Toll Tales

Tolls on Connecticut highways are one step closer to reality. The legislature’s Transportation Committee recently gave the “green light” to the state Department of Transportation to begin the 4-year process of planning to reintroduce the controversial devices.

Tolls were phased out over 30 years ago on I-95 and the Merritt Parkway, following a deadly accident at the Stratford turnpike plaza. New tolls would be electronic.

Toll plazas were a familiar scene on I-95 more than 30 years ago. A proposed bill would establish electronic (E-Z Pass) tolls.

In their previous incarnation, there were tollbooths on I-95 near the Westport-Norwalk border. But they were not the first in the area.

In 1806 the state General Assembly granted a charter to the Connecticut Turnpike Company. They ran the road from Fairfield to Greenwich — today known as the Post Road.

In return for keeping the thoroughfare in “good repair,” they were allowed to establish 4 turnpike gates. One was at the Saugatuck River crossing — now known as the Ruth Steinkraus Cohen Bridge.

The narrow, wooden Post Road bridge, in an early 1900s postcard from Jack Whittle’s collection. Relics of the toll collection system can be seen at the bottom (east bank of the Saugatuck River.

Four-wheeled pleasure carriages drawn by 2 horses were charged 25 cents. Two-wheeled pleasure carriages drawn by one horse paid 12 cents. Each sled, sleigh, cart or wagon drawn by a horse, ox or mule was charged 10 cents.

The state granted exemptions for people traveling to attend public worship, funerals, town or freemen’s meetings; those obliged to do military duty; “persons going to and from grist mills with grists”; people living within 1 mile of the toll gates, and “farmers attending their ordinary farming business.”

However — for reasons that are unclear — those exemptions applied only to the 3 other toll gates. The Saugatuck River bridge was not included.

Astonishingly, the toll for automobiles over 150 years later was still 25 cents.

I bet that won’t be the base rate if when the new tolls are installed.

Have You Seen The Rotary Club Sign?

For as long as the Red Barn has been on Wilton Road — maybe longer — a sign for the Rotary Club of Westport stood on the side of the road.

Made of handsome cast iron, with a blue background, it noted when and where the club met.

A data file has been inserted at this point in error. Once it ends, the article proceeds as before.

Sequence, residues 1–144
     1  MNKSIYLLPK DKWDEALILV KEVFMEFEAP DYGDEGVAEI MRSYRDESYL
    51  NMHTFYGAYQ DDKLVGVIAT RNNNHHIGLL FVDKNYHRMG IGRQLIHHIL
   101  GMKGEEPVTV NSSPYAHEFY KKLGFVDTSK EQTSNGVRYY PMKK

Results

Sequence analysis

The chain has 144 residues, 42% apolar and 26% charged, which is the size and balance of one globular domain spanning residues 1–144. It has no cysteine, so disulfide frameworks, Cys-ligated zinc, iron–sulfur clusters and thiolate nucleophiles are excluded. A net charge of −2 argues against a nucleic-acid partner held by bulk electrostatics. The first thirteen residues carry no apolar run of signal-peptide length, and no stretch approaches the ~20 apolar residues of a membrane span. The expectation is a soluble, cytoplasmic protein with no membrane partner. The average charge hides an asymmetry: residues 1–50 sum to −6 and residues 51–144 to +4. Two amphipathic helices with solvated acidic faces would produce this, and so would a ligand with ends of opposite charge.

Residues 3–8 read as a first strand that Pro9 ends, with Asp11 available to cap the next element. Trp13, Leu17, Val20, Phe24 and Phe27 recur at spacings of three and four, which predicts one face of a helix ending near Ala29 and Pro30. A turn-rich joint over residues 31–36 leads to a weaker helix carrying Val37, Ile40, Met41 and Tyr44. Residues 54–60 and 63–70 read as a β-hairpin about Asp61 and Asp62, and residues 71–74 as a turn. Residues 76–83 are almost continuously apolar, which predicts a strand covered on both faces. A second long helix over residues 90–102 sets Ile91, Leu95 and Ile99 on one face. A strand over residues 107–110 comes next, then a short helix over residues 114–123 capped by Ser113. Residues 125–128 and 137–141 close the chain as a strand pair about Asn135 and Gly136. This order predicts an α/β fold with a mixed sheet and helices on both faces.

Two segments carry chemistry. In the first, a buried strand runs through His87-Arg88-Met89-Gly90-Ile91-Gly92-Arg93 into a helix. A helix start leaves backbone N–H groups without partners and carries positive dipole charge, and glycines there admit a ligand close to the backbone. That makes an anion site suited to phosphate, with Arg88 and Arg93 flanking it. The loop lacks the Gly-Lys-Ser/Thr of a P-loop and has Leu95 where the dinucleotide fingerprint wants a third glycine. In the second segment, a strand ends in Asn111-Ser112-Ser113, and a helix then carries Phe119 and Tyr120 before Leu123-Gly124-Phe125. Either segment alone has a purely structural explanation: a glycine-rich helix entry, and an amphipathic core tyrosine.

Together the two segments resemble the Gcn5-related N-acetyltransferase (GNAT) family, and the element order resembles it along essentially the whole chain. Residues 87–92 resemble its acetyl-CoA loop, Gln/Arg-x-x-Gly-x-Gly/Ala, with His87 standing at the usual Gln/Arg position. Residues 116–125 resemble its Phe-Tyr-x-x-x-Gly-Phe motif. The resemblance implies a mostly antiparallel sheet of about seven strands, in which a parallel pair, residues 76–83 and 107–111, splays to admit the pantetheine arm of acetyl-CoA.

Rick Benson — longtime Rotary member, and the guy you call on whenever something needs doing — had the chains replaced in 1994, and the sign repainted.

The Rotary Club sign. (Photo and artwork/Lynn U. Miller)

The club is ready to put up new signs at 7 prominent gateways to Westport. One will be at the (former) Red Barn site.

Much to their surprise, members discovered recently that the old sign is gone. All that’s left is a vine-encrusted metal post.

Rick canvassed club members. He called a few folks who might have picked it up for themselves. He checked with the Westport Historical Society.

Because he’s that kind of guy, he even had the area scanned with a metal detector.

Nada.

The missing sign, on Wilton Road.

So he’s asking “06880” for help. If you — or anyone you know — has intel on the whereabouts of the Rotary Club’s old sign, email Rick: ben3rb@aol.com.

Or — for complete confidentiality — contact “06880” (dwoog@optonline.net). I’ll get the sign back to Rick, no questions asked.

FUN FACT: The Westport Rotary Club turns 100 on March 7, 2024. That makes it more than a decade older than the Merritt Parkway, whose Exit 41 is near the old (and new) sign.

Bright Vs. Blight

For years, the Weston Road/Easton Road/North Main Street rotary near Exit 42 — the unofficial “Welcome to Westport” landmark for everyone coming off the Merritt Parkway — was maintained, as a public service, by Daybreak Nursery.

But when financial problems caused the nearby business to close, the triangular plot grew grungy.

Now — suddenly — the space looks gorgeous.

(Photo/Russ Miller)

(Photo/Russ Miller)

I don’t think it was a state Department of Transportation project. But huge props to whoever got it done.

Meanwhile — across town — another “Welcome to Westport” site looks decidedly less welcoming.

(Photo/Joanne Romano)

(Photo/Joanne Romano)

Just one more reason to avoid I-95, and take the Merritt.